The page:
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  1. #1
    Jack Savage's Avatar
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    Big C shutter unresponsive when activated.

    Hi again!

    So far my Retina repair is going great. The last issue remains. Here's what's going on - anyone got some feedback?

    I can load my film & the film advances. The wind at the bottom of my Retina is fully functional. The dial at the top which gives me the read-out of how many shots I've taken works - I can go from 0-35 shots now.

    When I push the button near the wind at the bottom of the camera body, it works.

    When I go to push the button at the top of the camera, to take a photo, the button near the lens pushes on the lens part, but, the shutter does not take a photo. Upon further inspection, I "snapped" a few photos and looked at my camera when I did it, without the lens on; and I noticed, there are a few thin, black metal strips inside the lens part when the lens is not on the camera, and these black strips do not move. They're stuck closed & they won't open - however, the film is moving. I've put the camera down until I get further information - don't wanna mess anything up anymore than it is.

    There is a little silver plunge next to my lens, and when I push the button to take a photo, it activates this little silver plunge, which then, moves, and it taps onto my lens part, and then, after a buzzing noise & a small click, it goes back up again - lasting only maybe less than 3 mila-seconds. I guess that's what activates those blades, but they won't budge.

    What should I do, and what kinds of products can I use? Should I actively seek professional help at this point, or should I look into getting a spare part?

    Thanks in advance.
    In 2012, I lost everything to debt, including my only camera - a DSLR. My father-in-law gave me 3 analog cameras, and I have no idea what to do or how to use them. I am dying to find out how to use this new medium, so I am seeking any and all information I can get my hands on as a student and a novice in this strange new media. I need to know everything; and so I will. I am so happy I found this forum where I can learn a new skill. Everything is very exciting!

  2. #2

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    Are you making these repairs yourself?

    There is a small geared wheel that must slightly pretension a rotating geared rack in the shutter. When you crank the film advance, it then retensions the shutter. So that when you press the release on top of the camera, it fires the shutter.

    However, there also are some adjustments to make regarding the post with a spring under it that sits under the shutter release.

    If you haven't removed the shutter from the body, don't. Same goes for the top deck.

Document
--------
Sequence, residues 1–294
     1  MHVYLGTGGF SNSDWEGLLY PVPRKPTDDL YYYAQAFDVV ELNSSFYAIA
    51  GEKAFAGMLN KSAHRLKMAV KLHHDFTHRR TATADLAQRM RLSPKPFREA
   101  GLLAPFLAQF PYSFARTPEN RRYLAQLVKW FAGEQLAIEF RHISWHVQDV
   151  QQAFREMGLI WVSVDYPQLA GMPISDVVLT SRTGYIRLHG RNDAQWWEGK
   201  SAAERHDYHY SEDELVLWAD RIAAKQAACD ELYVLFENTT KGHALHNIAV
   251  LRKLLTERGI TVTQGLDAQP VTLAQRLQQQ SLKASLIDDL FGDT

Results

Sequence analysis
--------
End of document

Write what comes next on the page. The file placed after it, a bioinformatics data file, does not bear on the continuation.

You probably should remove the face of the shutter entirely and flush the shutter with a combination of lighter fluid mixed with a small amount of powdered graphite (available at auto stores). Remove all lens elements before you do this.

    After you flush the shutter, ensure that the remaining lighter fluid is gone or allowed to evaporate. Blow out the shutter with some compressed air with quick spurts of air. And clean the shutter blades (front and rear). Open the aperture to its widest setting.

    Reseat all of the parts and reassemble. Ensure the interior of the shutter is completely dry and free of any debris before reassembling.

  3. #3
    Jack Savage's Avatar
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    Eek! Well, that answers that question! So far the only thing I've fixed was my film loader; it was stuck really badly, but in all honesty, I don't think I knew how to work it, not so much that the camera was "broke".

    That said, I'm a complete novice and this seems complicated to me. I do know I'd do more harm than good, after reading that! Maybe after some more time & experience, I can look into my own repairs; but for now I think I'll bring my lovely one into the shop here in town, I know a man who can fix this for me and he's a dear.

    I'm gonna store this information away for a rainy day -- you know, after I know what I'm doing better!

    Thank you so so much!
    In 2012, I lost everything to debt, including my only camera - a DSLR. My father-in-law gave me 3 analog cameras, and I have no idea what to do or how to use them. I am dying to find out how to use this new medium, so I am seeking any and all information I can get my hands on as a student and a novice in this strange new media. I need to know everything; and so I will. I am so happy I found this forum where I can learn a new skill. Everything is very exciting!